Reproductive rights advocates are taking the fight for abortion to the states
Three prominent reproductive rights groups have announced they will spend $150 million on advertising in the midterm elections.
Reproductive rights advocates are ready and responding to the leak on Monday of a draft opinion in Dobbs v. Jackson Women’s Health Organization, the Supreme Court case on the constitutionality of Mississippi’s ban on abortion after 15 weeks’ gestation, before a fetus can survive outside the uterus.
Politico, which published the leaked document, reported that its author, Justice Samuel Alito, and at least four other justices — Clarence Thomas, Neil Gorsuch, Brett Kavanaugh, and Amy Coney Barrett — had decided in favor of overturning the 1973 ruling in Roe v. Wade that affirmed a constitutional right to abortion in the United States.
Should that decision hold true when it is officially released, expected to be in June, abortion will be banned in at least 13 states that have trigger laws set to automatically take effect if Roe is overturned. As many as 19 other states might ban or severely limit abortion.
However, reproductive rights advocates are not taking this sitting down. Three of the most prominent reproductive rights groups — Planned Parenthood Action Fund, NARAL Pro-Choice America, and EMILY’s List — had already announced before the draft was leaked that they were set to spend $150 million on advertising in the 2022 midterm elections in nine states: Georgia, Nevada, Arizona, Michigan, Pennsylvania, New Hampshire, California, Kansas, and Wisconsin.
In a statement released Monday, the groups explained that they would be taking a robust approach that will include voter outreach and mobilization efforts, contributions to candidates, communication guidance, and in-person actions. The groups also indicated that they would be making investments “up and down the ballot,” in races for state legislatures, governors, state attorneys general, and Congress.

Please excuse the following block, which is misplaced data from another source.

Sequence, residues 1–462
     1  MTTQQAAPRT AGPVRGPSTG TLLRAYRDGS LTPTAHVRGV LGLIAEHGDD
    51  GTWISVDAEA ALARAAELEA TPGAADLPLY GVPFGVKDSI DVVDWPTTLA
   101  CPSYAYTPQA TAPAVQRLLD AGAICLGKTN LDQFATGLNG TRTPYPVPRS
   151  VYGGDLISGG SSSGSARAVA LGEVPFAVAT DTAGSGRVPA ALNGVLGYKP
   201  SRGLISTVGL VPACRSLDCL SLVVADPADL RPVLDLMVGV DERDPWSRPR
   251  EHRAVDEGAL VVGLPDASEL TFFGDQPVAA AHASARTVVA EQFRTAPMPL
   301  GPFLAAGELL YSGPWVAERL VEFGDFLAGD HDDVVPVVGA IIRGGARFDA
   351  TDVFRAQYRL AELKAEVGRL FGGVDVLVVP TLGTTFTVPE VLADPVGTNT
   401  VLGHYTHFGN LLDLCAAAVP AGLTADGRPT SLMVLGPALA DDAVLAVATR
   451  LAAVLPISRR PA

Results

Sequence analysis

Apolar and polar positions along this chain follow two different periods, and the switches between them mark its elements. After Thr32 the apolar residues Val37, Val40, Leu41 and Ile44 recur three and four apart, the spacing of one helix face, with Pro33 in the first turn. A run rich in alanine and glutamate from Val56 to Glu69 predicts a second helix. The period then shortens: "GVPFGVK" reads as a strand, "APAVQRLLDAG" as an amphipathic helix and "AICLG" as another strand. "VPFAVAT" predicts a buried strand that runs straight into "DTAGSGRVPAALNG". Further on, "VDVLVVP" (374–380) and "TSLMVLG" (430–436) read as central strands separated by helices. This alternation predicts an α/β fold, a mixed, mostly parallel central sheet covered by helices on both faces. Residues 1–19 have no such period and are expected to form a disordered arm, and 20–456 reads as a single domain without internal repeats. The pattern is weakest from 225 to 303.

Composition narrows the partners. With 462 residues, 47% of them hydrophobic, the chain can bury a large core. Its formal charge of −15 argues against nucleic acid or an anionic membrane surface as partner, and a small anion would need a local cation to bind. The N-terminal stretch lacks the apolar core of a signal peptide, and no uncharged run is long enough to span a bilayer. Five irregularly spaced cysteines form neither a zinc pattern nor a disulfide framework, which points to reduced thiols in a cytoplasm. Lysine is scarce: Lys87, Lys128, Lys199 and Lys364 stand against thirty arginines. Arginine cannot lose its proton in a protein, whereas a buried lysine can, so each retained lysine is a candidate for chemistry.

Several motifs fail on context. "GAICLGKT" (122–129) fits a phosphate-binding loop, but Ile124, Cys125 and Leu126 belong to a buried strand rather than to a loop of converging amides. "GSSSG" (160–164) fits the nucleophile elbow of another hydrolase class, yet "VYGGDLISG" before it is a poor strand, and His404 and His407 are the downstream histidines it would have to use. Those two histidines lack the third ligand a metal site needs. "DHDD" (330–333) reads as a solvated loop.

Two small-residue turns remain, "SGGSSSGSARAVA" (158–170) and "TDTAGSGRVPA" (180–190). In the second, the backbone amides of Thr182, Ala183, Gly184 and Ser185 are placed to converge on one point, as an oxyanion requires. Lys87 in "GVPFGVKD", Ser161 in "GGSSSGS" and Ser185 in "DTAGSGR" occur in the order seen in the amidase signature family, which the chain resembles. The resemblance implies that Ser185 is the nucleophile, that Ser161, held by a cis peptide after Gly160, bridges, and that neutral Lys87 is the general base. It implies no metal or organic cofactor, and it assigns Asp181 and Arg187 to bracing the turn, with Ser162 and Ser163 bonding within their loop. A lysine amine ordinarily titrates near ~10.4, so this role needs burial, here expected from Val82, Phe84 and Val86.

Some of the money will go to states with competitive Senate races, such as Georgia, Arizona, Wisconsin, and Pennsylvania. In other states it will be used to focus on preserving abortion rights in the face of a potential onslaught of bans.
In Michigan, Democratic Gov. Gretchen Whitmer has provided an example of actions that states may take to preserve reproductive rights. Whitmer asked the state Supreme Court to rule on whether Michigan’s constitution guarantees the right to an abortion. A decision that it does would go a long way toward protecting the right to abortion in the state.
One of the states targeted for advertising by the groups, California, is working to make itself an abortion refuge if Roe is overturned.
With crucial midterm elections approaching in November, the infusion by reproductive rights organizations of cash and energy into preserving access to abortion in the face of nationwide anti-abortion efforts by right-wing groups could help shape the political landscape beyond 2022. As EMILY’s List President Laphonza Butler said in a statement, “It’s never been more crucial to secure pro-choice majorities at all levels of government to stop anti-abortion lawmakers from decimating our access to abortion across the nation.”
Published with permission of The American Independent Foundation.
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